land had every reason to be pleased with the will, which was infinitely more favourable to a general balance of power than the partition treaty; but the sudden death of the FEB. 8. electoral prince of Bavaria, not without strong A. D. 1699. suspicions of poison, revived all their former apprehensions. Lewis and William again negociated, and a second treaty of partition was privately signed, by England, Holland, and France, notwithstanding the violent remonstrances of the court of Madrid against such a measure.

By this treaty, which differed materially from the former, it was agreed, that on the eventual decease of Charles II. without issue, Spain and her American dominions should descend to the archduke Charles, second son of the emperor; that Naples, Sicily, the marquisate of Final, the towns on the Italian shore, and the province of Guipuscoa, should fall to the share of the dauphin, together with the duchies of Lorrain and Bar, which their native prince was desired to exchange for the duchy of Milan; and that the county of Binche should remain, as a sovereignty, to the prince of Vaudemont. In order to prevent the union of Spain and the Imperial crown in the person of ONE prince, provision was made, that in case of the death of the king of the Romans, the archduke, if raised to that dignity, should not succeed to the Spanish throne. In like manner it was particularly stipulated, that no dauphin or king of France should ever wear the crown of Spain; and a secret article provided against the contingency of the emperor's refusing to accede to the treaty, as well as against any difficulties that might arise, in regard to the exchange proposed to the duke of Lorrains.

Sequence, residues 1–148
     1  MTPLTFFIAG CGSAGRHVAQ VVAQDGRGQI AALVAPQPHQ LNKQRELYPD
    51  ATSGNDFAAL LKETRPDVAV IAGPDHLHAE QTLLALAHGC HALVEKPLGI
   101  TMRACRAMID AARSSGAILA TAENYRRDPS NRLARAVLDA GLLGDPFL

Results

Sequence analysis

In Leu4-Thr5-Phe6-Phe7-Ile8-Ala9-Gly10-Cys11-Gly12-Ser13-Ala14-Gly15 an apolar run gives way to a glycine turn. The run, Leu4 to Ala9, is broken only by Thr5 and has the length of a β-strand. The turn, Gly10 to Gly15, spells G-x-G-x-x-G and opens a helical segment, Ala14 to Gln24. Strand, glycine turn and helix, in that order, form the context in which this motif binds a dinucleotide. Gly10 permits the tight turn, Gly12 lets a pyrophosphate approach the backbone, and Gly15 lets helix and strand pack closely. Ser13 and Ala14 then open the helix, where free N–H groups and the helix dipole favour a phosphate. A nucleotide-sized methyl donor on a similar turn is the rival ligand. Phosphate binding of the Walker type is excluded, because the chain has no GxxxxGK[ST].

From thus providing for the repose of the south of Europe, the attention of William was suddenly called toward the North, where two of the most extraordinary men that ever appeared upon the stage of human life, were rising into

4. De Torcy, vol. i.

5. De Torcy, ubi sup.

notice :